Earlier this week I wrote about upcoming adventureLamplight City. It had caught my eye at Rezzed back in April due to its alternative steampunk-ish ‘Victorian’ setting and the fact it was being developed by the creator of Shardlight; and after spending a few hours with private investigator Miles Fordham, I can’t wait to get my hands on the finished game next month.
Another adventure which has been on my radar for quite some time is Unavowed. Wadjet Eye Games develops and publishes some of the best modern titles in the genre (take the Blackwell series and Primordia as fine examples) so if they announce a new release is coming, fans tend to sit up and take notice! When Emily very kindly offered me a key for the title along with the Lamplight City preview, I eagerly accepted and jumped straight into this supernatural point-and-click.
The game doesn’t hold back and immediately starts with your exorcism before throwing you into the events of a year ago when you were possessed by a demon. After playing through your origin story, you’re shown how leaving an unwilling trail of bloodshed across New York has led you to a rooftop in a thunderstorm with two members of the Unavowed. This ancient society is dedicated to stopping evil and, seeing how they’ve just saved your butt and your old life is in tatters, there’s nothing else to do but join them to fight the oncoming darkness.
Speaking of your origin, at the start of the title you can choose to play as a male or female character. This didn’t seem to have any bearing on the plot at all but it was a small feature I appreciated as it added to my immersion within the game’s world. You’re asked to select a profession too and your pick of actor, police officer or bartender then determines the setting for your prologue’s flashback. I went for the latter and was transported to Sammy’s Bar in the Bronx 12 months ago.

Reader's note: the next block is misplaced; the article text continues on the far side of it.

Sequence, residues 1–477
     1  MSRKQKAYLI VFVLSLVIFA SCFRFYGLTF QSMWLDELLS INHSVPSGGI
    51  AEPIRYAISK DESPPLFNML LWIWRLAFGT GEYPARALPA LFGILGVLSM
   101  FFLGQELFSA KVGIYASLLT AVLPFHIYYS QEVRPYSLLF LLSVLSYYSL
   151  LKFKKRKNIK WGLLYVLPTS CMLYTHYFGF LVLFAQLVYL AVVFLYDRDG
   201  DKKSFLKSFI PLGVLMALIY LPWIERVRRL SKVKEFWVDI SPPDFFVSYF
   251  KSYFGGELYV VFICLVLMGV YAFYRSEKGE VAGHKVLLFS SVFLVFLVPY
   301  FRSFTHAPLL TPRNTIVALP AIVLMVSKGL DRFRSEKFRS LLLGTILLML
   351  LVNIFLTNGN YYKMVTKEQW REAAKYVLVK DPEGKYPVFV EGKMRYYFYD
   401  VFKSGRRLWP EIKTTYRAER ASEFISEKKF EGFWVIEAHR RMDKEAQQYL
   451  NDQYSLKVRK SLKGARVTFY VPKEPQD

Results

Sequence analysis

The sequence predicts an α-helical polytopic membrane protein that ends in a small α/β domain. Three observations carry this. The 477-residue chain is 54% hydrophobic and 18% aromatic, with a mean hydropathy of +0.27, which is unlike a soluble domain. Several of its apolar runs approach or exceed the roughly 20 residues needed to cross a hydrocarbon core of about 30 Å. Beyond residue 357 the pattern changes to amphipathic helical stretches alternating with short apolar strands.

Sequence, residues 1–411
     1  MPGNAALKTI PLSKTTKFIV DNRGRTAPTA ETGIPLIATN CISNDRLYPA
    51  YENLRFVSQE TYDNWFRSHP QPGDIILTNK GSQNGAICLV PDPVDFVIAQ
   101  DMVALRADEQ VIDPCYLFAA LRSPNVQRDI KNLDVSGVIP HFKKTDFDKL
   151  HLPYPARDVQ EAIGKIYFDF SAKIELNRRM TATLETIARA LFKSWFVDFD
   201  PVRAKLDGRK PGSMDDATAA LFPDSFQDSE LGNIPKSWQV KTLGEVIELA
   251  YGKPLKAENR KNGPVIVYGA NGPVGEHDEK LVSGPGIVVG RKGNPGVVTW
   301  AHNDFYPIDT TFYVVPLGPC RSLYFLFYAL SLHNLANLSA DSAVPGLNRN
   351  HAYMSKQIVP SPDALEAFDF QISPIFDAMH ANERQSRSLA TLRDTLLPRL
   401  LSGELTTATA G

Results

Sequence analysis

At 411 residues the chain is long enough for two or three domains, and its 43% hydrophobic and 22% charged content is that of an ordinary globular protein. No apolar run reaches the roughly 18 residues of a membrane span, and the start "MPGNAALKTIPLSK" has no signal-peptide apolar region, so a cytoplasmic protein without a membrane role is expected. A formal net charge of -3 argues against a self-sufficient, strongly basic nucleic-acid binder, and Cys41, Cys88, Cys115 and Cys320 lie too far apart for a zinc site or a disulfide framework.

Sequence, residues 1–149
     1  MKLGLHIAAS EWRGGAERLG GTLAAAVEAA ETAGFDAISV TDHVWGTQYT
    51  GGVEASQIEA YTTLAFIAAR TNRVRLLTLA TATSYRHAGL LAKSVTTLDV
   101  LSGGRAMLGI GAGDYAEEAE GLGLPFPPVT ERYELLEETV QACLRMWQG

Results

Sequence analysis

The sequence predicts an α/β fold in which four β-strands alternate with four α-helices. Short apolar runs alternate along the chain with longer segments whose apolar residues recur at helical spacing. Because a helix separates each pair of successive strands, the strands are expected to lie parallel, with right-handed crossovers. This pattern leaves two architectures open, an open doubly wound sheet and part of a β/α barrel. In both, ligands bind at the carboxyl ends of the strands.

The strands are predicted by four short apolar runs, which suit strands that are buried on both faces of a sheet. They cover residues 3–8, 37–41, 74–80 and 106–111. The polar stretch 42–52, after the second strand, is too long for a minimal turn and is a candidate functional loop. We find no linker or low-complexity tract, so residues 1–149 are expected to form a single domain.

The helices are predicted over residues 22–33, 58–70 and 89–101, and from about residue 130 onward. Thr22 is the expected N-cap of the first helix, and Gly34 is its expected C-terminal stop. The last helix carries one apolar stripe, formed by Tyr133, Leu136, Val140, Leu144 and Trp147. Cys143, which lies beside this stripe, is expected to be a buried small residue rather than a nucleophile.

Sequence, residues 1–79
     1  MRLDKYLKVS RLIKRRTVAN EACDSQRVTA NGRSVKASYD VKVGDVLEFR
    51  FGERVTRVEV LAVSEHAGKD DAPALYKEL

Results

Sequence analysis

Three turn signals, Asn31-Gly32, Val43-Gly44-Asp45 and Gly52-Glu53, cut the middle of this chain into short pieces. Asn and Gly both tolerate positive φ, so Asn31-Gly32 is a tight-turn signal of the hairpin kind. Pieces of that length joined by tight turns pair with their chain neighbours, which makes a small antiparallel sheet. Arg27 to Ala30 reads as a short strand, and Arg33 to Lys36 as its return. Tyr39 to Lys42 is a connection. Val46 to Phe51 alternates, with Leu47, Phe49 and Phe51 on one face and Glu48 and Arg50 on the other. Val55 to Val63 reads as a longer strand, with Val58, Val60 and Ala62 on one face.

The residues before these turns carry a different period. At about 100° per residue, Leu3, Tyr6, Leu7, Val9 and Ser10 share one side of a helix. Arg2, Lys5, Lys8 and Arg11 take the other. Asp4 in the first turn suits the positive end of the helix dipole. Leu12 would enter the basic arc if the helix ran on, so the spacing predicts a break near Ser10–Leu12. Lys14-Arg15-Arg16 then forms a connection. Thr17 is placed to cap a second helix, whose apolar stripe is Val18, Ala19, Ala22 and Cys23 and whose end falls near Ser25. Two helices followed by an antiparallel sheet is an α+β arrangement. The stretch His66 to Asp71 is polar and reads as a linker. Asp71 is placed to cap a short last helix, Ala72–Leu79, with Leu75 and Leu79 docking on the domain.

Let’s just say that it ends up in a rather grisly and bloody manner whichever job you choose. Your past career influences your approach to certain situations you come up against later during the title and I found my bartending skills were perfect at persuading others to open up and share their feelings. The thespian is a convincing liar and can encourage people to believe untrue versions of events, while the cop is a figure of authority who manages to get others to do as they’re told.
It almost feels like the Team, Wits and Fists Paths from the classic Indiana Jones and the Fate of Atlantis and makes for a more personalised experience than the adventure genre usually offers. It isn’t the only feature which affects how Unavowed plays out however! A party system allows you to select two members from your group to take with you whenever you investigate a weird situation and each of your colleagues has their own unique personality, style and abilities.
This takes place while riding a subway to the next location and instead of heading straight there, you can choose to sit back for a while and listen to the others chat among themselves. Their conversations have been written in a very natural manner and it feels as though you’re listening to a real group of friends. It’s a great way of making more of a mission selection screen and adding additional colour to the story as the characters reveal more about themselves and what they’re thinking.